Semen analysis is a microscopic examination of a male sperm. The main goal is to evaluate the ability to have children. Semen is a fluid, which contains sperm - male reproductive cells. The quality and quantity of both semen and sperm cells are very important to fertilize eggs and make a woman pregnant.
If a couple is unable to have a child, one of the things that should be checked is the male reproductive system. For this purpose, semen sample must be taken.
Collecting sperm is usually a simple, noninvasive procedure. A man is invited to a private room, asked to masturbate until discharge of semen, and collect semen in a special container.
Due to some reasons some men don’t want or can’t collect a sample through masturbation. There are several ways to solve this problem.
- A special condom may be used to collect semen during intercourse.
- In the presence of reproductive tract blockage, surgical sperm removing from the testicle must be applied.
- Some anatomical abnormalities promote sperm to collect in the bladder. For those men, sperm can be collected from the urine after intercourse.
- Sperm can be surgically removed from the testicles if a man is unable to ejaculate.
Usually a semen sample contains enough number of sperm. It can easily be divided into several portions to storage for the further use. There are many factors that impact on a semen quality, therefore, the medical team can ask to collect more than one sample. Unnecessary at this time samples are mixed with cryoprotectors and frozen for over 20 years. A donor sperm is stored for six months, and then the donor is re-tested for infectious diseases, such as HIV. Only when all tests are negative, sperm are released for use.
Sperm, as well as woman eggs, can be preliminary collected and frozen before chemotherapy and radiation, if a patient has cancer or other diseases that require the same treatment method.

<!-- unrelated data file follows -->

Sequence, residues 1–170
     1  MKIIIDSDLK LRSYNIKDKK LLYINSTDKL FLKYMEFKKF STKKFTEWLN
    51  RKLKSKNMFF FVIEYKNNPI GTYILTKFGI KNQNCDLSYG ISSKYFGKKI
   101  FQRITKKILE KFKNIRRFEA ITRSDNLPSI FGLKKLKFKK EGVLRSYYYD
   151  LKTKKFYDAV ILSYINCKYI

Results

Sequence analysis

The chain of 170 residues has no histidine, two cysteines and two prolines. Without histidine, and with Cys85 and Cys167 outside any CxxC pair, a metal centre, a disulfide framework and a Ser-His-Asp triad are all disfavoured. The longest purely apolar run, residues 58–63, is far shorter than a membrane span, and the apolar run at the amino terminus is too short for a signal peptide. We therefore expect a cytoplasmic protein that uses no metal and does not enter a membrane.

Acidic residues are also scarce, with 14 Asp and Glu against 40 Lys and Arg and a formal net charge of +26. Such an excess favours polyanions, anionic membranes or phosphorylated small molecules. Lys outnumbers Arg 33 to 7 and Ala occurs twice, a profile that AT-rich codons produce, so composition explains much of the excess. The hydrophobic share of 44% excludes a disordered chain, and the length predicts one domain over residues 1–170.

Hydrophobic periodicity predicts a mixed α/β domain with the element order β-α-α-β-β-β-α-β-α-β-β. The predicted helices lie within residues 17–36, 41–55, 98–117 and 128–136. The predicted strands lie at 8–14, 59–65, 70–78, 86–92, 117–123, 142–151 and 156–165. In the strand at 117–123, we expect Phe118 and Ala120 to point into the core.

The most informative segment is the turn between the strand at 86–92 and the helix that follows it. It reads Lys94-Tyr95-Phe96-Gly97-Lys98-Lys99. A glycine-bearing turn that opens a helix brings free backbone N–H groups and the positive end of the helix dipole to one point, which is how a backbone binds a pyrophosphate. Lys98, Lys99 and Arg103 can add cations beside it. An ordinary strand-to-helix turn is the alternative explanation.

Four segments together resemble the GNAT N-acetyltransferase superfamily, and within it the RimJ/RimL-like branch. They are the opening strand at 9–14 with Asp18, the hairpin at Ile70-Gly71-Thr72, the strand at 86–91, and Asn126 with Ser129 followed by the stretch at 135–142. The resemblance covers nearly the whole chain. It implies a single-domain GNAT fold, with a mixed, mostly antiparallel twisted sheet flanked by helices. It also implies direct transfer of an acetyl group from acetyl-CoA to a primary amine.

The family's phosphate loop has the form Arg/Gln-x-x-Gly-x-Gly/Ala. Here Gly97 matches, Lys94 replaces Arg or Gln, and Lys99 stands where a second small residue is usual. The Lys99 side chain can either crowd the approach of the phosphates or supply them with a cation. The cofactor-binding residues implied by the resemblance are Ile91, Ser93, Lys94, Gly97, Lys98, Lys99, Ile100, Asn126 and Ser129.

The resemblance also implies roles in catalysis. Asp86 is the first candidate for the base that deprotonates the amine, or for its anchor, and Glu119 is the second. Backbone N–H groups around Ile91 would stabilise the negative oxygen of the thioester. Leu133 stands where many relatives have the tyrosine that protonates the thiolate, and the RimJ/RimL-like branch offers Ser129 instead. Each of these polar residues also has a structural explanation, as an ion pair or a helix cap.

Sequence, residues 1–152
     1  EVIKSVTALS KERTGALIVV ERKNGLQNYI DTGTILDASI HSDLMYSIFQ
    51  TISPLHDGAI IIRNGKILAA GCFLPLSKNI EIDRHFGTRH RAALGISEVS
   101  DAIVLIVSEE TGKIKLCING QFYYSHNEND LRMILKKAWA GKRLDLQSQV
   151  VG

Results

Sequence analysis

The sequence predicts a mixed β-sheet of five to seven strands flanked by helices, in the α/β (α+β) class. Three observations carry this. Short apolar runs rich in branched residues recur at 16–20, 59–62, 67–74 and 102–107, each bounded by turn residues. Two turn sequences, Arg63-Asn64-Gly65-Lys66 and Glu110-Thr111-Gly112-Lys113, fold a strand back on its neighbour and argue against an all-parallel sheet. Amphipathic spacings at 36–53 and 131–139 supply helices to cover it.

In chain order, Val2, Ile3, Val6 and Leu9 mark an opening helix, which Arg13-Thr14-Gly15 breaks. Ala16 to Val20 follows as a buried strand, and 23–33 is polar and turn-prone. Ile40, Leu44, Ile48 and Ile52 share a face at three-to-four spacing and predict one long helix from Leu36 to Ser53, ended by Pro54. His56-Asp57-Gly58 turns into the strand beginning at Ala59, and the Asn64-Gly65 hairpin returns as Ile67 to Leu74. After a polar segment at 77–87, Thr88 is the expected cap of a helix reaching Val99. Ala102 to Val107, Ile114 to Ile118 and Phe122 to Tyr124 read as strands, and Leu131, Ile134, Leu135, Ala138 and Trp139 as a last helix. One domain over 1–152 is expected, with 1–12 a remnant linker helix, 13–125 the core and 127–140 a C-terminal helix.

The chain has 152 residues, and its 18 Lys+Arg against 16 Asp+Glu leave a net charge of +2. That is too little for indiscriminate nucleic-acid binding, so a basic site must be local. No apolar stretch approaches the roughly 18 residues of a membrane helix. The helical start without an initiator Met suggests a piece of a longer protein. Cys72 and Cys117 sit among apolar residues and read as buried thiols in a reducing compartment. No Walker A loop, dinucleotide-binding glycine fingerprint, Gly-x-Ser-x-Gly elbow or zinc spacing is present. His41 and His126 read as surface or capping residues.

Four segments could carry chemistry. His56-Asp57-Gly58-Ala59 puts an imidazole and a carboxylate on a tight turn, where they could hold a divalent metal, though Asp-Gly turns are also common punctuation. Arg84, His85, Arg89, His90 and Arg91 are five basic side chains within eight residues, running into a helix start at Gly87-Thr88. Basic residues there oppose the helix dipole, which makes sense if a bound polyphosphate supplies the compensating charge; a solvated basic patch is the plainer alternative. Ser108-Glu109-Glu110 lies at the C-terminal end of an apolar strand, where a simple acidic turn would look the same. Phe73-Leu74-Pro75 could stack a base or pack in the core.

Semen is used to determine the following important features:
- Fluid volume
- The number of sperm (sperm count)
- The percentage of moving sperm (sperm motility)
- The percentage of normally shaped sperm (sperm morphology).
All men produce abnormal sperm. If this number reaches more than half, the semen sample is diagnosed as abnormal shaped. Although depending on the clinic, the results are interpreted differently. According to Kruger criteria, any minute irregularities are considered as abnormal. A patient is strongly advised not to use tobacco, drugs and limit alcohol consumption in a period of trying for a pregnancy. These diet rules will improve the shape and the quality of the sperm.
The genetic material of sperm can also be tested. All genetic information is coded in an acid called DNA. DNA damage can lead to abnormal sperm function, which is a serious risk of infertility. Several different laboratory tests can examine the DNA for damage, but the way of taking a sample stays the same. The analysis still remains experimental, so it is not included in the routine evaluation of an infertile couple.